(J ST 131)
Jewish Literature: An International Perspective (3) Literature of the Jewish tradition in various cultures and contexts, such as Europe, Israel, Islamic countries, and the Americas.
CMLIT 110 Jewish Literature: An International Perspective (3)
(BA) This course meets the Bachelor of Arts degree requirements.
CMLIT 110 will provide an introduction to the multiple worlds of Jewish experience and the different literatures they continue to inspire. Jewish literary creativity has varied widely with the personal and communal experience of writers in many parts of the world, and in many different time periods. Readings usually range from the first Jewish literary text, the Hebrew Bible, to twentieth-century works, including writings about the Holocaust. The course typically includes units such as Jewish writing and culture in Eastern Europe, in the Americas, in Spain during the Middle Ages, and in Israel and the Middle East today. The material may be organized chronologically, thematically, or by regions or languages. Texts that critique or apparently suppress Jewish identity, as well as texts with representations of Jews by writers of other heritages, may be included for comparative purposes. We will include writings by Jewish authors who have written in languages usually associated with Jewish tradition (such as Hebrew and Yiddish) and in other languages (such as Spanish, Arabic, German, English, etc.). Topics discussed in the literature may focus on questions of Jewish identity and continuity, the situation of Jews as a minority people, the immigrant and diasporic experience, representations of the Holocaust, and the establishment of Israeli culture as a mixture of several traditions. We will question generalizations about the meaning of "Jewish" by showing the wide range of characteristics associated with Jewish literary productions, and the great diversity of depictions of Jews and Jewish lifestyles, in different times and places. In addition to our primary focus on literary texts, we may include examples of other cultural productions (film, music, the visual arts, philosophy, etc.). All offerings of the course include writing assignment and discussion in the evaluation methods. The syllabus often includes 2 or 3 midterm exams (with essay questions); a final exam, paper, or project; oral presentations; participation in online discussions. CMLIT 110 counts towards the Comparative Literature major and the World Literature minor. No prior knowledge of Jewish tradition is required, and General Education students are welcome. This course also fulfills the General Education Humanities requirement, the Bachelor of Arts Humanities requirement, and the United States and International Cultures requirement.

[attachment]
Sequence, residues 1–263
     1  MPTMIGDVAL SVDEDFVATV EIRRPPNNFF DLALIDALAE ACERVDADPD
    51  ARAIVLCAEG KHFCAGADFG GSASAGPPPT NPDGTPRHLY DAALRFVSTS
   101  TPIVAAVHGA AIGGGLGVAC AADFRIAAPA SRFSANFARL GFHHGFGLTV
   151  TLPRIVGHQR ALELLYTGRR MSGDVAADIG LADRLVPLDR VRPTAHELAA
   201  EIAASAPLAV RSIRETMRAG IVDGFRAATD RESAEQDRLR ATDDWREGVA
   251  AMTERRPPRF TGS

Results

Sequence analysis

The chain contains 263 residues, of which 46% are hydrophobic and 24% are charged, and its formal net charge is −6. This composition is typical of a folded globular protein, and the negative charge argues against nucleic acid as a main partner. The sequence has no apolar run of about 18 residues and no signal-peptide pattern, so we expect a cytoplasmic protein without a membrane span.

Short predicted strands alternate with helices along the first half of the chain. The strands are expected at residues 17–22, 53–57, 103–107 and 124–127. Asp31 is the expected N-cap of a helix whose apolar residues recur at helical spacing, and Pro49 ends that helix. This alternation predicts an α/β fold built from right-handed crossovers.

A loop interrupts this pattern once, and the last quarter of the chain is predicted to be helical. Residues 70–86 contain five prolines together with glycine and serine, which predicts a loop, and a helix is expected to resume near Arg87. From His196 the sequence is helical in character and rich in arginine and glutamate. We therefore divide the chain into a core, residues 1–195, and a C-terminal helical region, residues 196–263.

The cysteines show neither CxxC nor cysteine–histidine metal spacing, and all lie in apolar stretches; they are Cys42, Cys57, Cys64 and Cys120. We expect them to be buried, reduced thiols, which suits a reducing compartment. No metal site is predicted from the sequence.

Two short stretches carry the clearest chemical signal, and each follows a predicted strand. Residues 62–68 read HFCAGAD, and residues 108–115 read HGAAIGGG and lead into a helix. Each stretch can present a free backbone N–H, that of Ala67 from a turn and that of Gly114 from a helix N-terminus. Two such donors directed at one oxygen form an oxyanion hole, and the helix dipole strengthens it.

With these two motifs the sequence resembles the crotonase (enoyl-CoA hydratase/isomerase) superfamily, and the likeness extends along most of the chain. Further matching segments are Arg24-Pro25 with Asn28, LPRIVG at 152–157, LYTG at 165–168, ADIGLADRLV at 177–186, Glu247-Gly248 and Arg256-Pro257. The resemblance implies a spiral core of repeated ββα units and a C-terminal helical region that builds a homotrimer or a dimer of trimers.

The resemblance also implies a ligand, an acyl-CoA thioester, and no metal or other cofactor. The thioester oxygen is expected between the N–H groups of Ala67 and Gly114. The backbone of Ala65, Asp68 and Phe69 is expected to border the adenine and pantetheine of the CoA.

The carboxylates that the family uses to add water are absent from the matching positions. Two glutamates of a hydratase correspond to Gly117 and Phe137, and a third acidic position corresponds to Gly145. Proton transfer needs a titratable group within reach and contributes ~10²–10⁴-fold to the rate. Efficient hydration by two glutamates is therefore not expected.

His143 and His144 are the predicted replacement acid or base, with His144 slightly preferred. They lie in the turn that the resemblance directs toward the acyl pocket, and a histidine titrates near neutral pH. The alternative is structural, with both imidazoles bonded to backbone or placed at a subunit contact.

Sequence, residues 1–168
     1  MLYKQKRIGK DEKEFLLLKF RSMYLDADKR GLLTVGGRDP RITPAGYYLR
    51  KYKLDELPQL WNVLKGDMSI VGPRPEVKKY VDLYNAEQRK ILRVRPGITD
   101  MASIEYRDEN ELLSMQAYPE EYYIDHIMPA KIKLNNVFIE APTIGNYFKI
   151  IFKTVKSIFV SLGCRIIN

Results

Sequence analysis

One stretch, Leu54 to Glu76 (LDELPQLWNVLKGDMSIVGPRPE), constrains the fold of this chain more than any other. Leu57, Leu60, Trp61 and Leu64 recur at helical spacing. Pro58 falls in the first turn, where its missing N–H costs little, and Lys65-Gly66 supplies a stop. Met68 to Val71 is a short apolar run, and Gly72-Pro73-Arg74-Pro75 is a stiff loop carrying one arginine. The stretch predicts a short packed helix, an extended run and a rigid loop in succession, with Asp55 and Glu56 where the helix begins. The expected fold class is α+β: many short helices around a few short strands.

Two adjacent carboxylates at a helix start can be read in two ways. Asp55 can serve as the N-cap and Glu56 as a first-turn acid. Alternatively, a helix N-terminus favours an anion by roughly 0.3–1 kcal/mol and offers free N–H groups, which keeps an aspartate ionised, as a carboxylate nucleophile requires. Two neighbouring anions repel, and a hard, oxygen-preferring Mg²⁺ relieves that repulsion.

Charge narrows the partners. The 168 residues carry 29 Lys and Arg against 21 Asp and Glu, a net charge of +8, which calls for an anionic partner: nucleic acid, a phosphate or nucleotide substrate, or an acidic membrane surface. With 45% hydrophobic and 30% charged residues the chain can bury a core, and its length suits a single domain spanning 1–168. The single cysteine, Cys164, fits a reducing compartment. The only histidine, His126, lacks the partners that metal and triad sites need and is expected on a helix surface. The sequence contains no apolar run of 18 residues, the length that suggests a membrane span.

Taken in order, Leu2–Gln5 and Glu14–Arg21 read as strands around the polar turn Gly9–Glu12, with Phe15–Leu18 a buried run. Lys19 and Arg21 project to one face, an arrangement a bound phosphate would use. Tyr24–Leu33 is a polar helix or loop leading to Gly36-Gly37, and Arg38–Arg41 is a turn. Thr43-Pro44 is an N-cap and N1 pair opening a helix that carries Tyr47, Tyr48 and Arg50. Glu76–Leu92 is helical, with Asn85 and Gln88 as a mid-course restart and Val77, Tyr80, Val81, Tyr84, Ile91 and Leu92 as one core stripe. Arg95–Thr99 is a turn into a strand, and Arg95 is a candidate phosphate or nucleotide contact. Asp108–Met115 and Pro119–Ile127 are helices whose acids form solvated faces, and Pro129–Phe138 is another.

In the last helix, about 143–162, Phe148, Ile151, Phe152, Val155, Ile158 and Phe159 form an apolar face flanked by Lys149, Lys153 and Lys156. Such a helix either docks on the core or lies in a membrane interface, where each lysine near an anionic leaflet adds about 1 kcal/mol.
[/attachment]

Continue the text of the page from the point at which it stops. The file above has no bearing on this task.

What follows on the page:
Note : Class size, frequency of offering, and evaluation methods will vary by location and instructor. For these details check the specific course syllabus.